Russia: In late December the poultry industry in Russia was rocked by several huge outbreaks of avian influenza (AI), which forced manufacturers to cull 160,000 heads of turkey and 350,000 heads of broiler. The country is bracing itself now for an oversupply crisis and a new AI epidemic.
These incidents might be the first portent of the large-scale epidemic, similar to the one that took place in 2006 and brought huge losses to the poultry industry.
Photo: Vladislav Vorotnikov
This time, however, consequences could be much more serious, since AI returned to the country just at breaking point, when the industry stopped at a 10-year growth and started right after the end of last AI epidemic.
In late November the Russian consulting agency SovEcon issued a report, saying that in the third quarter of 2016 the country’s poultry industry, for the first time in a decade, showed zero percent growth rates. According to analysts, poultry manufacturers face the pressure of falling margins amid negative market conjuncture. Over the past year production costs have been rising, while wholesale prices have been falling, SovEcon explained. This report made market participants suggest that the poultry industry in Russia is entering period of stagnation or even a crisis.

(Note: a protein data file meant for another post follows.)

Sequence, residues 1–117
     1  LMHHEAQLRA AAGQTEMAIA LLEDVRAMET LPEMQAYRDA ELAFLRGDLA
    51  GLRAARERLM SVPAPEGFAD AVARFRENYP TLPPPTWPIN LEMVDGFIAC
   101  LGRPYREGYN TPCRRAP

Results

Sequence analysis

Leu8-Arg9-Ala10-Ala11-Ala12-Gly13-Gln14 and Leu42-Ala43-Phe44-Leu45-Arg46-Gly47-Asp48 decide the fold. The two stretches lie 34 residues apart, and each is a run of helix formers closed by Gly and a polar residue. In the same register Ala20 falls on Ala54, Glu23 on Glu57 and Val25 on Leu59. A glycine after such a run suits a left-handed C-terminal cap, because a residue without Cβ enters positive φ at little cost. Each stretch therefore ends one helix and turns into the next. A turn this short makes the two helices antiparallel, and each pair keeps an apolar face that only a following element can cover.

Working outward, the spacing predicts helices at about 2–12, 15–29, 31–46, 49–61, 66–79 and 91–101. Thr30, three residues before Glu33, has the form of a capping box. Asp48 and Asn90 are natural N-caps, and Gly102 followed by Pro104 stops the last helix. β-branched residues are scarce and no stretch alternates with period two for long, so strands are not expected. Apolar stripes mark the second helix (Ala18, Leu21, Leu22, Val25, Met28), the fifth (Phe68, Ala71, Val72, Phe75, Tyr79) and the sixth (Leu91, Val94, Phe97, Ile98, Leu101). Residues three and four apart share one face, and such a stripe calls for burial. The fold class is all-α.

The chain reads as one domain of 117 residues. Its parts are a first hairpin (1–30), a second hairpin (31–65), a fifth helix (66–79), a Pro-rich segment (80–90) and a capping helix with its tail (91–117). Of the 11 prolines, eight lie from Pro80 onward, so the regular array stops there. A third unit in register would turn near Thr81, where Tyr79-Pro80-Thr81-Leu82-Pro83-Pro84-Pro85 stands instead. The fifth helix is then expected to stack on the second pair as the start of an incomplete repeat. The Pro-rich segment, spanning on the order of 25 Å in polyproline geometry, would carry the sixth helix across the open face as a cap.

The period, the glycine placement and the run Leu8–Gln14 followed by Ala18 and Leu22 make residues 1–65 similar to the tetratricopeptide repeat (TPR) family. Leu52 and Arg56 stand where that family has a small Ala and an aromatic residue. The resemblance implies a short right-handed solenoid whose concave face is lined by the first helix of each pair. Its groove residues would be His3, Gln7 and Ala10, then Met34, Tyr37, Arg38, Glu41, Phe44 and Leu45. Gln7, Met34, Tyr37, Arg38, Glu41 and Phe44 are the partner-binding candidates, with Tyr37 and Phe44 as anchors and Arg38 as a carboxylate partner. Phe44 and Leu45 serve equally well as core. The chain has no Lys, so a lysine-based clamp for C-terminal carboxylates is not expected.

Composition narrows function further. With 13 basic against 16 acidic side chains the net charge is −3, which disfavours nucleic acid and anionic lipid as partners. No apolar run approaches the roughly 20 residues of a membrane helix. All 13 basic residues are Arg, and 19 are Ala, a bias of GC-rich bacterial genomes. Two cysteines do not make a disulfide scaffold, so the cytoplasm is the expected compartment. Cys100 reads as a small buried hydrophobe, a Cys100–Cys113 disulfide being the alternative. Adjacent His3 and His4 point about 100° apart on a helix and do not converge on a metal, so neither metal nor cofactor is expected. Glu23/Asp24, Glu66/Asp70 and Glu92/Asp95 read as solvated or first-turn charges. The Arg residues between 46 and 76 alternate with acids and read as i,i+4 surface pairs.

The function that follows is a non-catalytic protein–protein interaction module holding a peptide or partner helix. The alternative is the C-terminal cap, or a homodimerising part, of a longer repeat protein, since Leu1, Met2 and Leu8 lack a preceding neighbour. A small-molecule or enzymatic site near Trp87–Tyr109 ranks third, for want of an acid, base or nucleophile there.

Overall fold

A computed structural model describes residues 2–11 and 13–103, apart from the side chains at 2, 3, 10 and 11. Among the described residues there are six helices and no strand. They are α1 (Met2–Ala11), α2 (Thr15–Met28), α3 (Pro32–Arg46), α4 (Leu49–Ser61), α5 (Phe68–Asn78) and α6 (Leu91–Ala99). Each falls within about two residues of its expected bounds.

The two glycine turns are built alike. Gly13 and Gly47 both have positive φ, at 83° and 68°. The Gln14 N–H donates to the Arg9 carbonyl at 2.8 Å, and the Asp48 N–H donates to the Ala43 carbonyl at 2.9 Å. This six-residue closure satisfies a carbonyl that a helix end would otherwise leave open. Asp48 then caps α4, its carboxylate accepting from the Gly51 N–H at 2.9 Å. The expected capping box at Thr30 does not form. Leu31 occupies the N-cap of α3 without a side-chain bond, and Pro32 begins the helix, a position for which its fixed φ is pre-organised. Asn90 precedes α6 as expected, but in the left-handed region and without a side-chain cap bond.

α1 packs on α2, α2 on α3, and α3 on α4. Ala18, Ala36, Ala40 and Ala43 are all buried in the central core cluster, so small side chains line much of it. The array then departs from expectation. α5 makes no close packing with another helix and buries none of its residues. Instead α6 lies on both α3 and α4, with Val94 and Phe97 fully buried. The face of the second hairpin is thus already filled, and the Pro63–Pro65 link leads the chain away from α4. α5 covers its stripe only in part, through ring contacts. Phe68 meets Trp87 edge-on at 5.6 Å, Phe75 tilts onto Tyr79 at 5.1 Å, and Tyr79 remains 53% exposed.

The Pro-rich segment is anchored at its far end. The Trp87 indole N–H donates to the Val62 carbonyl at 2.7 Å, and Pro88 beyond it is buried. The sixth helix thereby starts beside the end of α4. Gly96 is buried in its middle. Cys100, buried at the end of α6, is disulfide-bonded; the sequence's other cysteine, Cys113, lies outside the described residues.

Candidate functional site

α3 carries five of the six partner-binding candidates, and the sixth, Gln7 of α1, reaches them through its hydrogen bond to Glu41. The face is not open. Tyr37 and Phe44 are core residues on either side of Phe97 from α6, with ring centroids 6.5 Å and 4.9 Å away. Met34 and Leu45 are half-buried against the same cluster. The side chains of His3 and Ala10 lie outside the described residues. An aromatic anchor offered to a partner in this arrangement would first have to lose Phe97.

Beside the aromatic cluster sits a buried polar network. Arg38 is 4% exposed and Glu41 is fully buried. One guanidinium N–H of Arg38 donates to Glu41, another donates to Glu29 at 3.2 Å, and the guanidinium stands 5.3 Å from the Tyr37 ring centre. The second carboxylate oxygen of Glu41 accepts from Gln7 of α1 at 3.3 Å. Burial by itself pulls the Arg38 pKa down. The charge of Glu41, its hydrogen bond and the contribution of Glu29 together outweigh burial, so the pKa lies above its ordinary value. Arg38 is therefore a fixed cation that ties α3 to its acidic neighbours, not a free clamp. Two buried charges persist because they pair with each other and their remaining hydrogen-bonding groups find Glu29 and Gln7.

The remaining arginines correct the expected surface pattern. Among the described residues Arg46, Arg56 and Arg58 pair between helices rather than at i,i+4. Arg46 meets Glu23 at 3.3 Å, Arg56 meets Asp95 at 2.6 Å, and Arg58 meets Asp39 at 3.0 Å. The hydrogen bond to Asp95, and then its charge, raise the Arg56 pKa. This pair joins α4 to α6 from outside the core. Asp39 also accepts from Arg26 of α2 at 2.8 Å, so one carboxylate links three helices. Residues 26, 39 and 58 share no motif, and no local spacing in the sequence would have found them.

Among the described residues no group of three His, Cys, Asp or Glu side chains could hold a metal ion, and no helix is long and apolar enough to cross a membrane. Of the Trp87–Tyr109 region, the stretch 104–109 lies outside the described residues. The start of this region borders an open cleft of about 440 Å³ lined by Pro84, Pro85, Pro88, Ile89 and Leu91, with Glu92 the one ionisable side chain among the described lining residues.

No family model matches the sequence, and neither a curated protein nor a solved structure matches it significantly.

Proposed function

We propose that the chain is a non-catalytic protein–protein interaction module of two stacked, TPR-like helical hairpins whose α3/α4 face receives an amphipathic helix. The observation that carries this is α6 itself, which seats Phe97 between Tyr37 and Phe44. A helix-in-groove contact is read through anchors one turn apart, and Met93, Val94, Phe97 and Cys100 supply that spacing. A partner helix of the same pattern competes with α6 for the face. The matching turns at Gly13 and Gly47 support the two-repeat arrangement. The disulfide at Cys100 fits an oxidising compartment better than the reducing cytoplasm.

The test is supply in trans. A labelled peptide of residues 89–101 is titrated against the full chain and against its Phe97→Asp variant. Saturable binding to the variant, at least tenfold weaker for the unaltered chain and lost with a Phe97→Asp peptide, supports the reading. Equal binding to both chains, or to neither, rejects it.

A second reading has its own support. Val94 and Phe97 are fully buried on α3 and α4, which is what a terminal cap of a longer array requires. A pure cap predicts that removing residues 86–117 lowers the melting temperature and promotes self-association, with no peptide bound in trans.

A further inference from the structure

Speaking in interview to Company Business Daily, regional Russia’s media, in mid-June 2016, Sergey Mikhailov, CEO of Russia’s largest meat producer, agricultural holding Cherkizovo, claimed that country’s poultry industry has been suffering an oversupply crisis already for the last 2 years. As a result, he said, pressure of oversupply becomes heavy, so the industry is no longer balancing on the breakeven point, but already receives losses.
In Russia 70% of production cost depend on hard currency, due to the need to import feed additives, premixes, minerals and so on, so devaluation of ruble in 2014 on the one hand increased costs and on the other hand – reduced prices, while export channels remain closed, he said. In this situation, an important step for authorities would be refusal from any state programmes with support of new projects, Mikhailov said, as at the moment, business has no idea what to do with the surplus of poultry in the market.
The Russian Agricultural Ministry supported estimations from Cherkizovo. In a report published late December, Ministry’s Livestock Department forecasted that in 2016 production of poultry in Russia will reach 4.7 million metric tonnes, rising only 3% year-on-year. This is going to be the slowest rise in the past decade.